Ben: Okay. Alright, gotcha, cool, cool. I will link to that. We actually have a code. Hopefully, it still works. Last time I interviewed you, our code was BEN50 that saved folks $50. Was that still active, do you think?
Emily: Why don't we just do BEN? We'll make you a new one and we'll just make it–the code could be BEN.
Ben: Okay, BEN. But leave code BEN50 active too because I think I had that on the previous podcast. I want to make sure it doesn't disappear. Folks stumble across that one.
Emily: Okay, will do.
Ben: But either way, folks, just use code BEN for now. That'll save $50. I'll put a link to that in the shownotes as well. But I also think you should get Emily's book, too. Maybe it's just because I'm more bent towards books than technology, but I think the book's really good, too. So, the book is called “Stress Less, Accomplish More.” I'll put a link to that at BenGreenfieldFitness.com/stressless. And then, her Ziva meditation course, I'll put a link to that too and your $50 code on that is BEN. And remember, do super power pose, remember to drink your black tea and get in the sauna, and of course most importantly, remember to try this really cool potent one-two-three combo of mindfulness meditation and then manifestation. So, Emily, thank you so much for coming on the show and sharing all this stuff with us.
Emily: I'm such a big fan of you. It's really a delight to be here. Thank you for what you've created, thank you for all the lives that you've touched, and thank you for having me on.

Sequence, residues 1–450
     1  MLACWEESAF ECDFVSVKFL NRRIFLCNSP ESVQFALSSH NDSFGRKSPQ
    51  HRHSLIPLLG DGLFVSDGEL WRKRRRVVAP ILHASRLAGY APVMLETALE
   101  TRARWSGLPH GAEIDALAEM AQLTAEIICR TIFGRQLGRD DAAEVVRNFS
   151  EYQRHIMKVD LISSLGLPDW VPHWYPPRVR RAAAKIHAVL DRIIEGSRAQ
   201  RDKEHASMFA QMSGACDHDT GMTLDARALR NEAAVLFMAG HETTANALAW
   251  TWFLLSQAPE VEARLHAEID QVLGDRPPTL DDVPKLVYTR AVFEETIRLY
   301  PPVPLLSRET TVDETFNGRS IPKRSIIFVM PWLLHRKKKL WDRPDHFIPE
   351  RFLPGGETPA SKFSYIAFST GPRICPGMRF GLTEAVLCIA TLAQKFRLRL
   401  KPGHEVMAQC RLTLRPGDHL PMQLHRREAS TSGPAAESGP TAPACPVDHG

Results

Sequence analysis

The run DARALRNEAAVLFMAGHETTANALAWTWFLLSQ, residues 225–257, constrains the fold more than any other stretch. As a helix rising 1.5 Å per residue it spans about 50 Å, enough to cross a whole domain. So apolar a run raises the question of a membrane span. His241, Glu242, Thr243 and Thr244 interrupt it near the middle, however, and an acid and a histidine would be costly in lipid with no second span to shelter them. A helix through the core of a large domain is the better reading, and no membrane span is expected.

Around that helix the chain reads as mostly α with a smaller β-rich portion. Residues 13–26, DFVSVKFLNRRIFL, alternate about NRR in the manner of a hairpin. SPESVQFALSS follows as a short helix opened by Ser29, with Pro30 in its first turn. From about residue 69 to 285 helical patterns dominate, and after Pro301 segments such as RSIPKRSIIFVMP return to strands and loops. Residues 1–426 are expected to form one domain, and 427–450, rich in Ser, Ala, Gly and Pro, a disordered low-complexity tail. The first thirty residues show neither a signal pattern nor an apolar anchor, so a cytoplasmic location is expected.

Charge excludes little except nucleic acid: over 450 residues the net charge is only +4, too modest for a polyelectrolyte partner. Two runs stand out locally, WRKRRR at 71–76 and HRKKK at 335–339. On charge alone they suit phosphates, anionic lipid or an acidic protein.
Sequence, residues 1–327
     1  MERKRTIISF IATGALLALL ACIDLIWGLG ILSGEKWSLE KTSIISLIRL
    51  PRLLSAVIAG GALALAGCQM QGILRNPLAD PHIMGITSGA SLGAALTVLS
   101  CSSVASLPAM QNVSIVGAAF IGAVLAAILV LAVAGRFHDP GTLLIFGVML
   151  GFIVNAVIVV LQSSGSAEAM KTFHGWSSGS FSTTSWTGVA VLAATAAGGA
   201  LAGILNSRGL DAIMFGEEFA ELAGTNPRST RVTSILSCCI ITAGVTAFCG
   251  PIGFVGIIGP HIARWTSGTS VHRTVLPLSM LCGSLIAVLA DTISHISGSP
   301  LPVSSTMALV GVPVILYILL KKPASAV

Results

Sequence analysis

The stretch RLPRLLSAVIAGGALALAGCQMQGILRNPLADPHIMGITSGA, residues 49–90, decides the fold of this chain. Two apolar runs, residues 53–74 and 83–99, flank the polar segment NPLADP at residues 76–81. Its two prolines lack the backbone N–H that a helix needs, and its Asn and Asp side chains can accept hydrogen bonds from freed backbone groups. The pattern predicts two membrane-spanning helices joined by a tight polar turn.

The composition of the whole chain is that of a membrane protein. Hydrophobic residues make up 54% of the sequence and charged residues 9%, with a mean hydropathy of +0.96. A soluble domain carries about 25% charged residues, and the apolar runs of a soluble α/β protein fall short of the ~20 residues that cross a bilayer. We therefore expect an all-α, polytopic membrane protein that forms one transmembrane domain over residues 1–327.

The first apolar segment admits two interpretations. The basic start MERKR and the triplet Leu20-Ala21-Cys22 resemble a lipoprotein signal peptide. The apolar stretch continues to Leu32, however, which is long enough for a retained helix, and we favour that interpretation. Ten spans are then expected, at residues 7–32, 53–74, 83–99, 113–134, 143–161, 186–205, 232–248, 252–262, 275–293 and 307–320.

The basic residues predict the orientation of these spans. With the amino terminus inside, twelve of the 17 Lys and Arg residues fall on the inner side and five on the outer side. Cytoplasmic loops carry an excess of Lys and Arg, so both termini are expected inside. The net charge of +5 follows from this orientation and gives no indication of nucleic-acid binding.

Ben: Yeah. I'll see you at the Day of the Dead Party next week.
Emily: We do.
Ben: Alright, folks, I'm Ben Greenfield along with Emily Fletcher signing out from BenGreenfieldFitness.com. Have an amazing week.
Well, thanks for listening to today's show. You can grab all the shownotes, the resources, pretty much everything that I mentioned over at BenGreenfieldFitness.com, along with plenty of other goodies from me, including the highly helpful “Ben Recommends” page, which is a list of pretty much everything that I've ever recommended for hormone, sleep, digestion, fat loss, performance, and plenty more. Please, also, know that all the links, all the promo codes, that I mentioned during this and every episode, helped to make this podcast happen and to generate income that enables me to keep bringing you this content every single week. When you listen in, be sure to use the links in the shownotes, use the promo codes that I generate, because that helps to float this thing and keep it coming to you each and every week.
Mind-blowing sex, better sleep, increased energy… My guest on today's podcast has cracked the code on teaching you how to meditate, what kind of meditation works for all these goals, and for many more.
Her name is Emily Fletcher, founder of Ziva Meditation and creator of zivaONLINE—the world’s first online meditation training.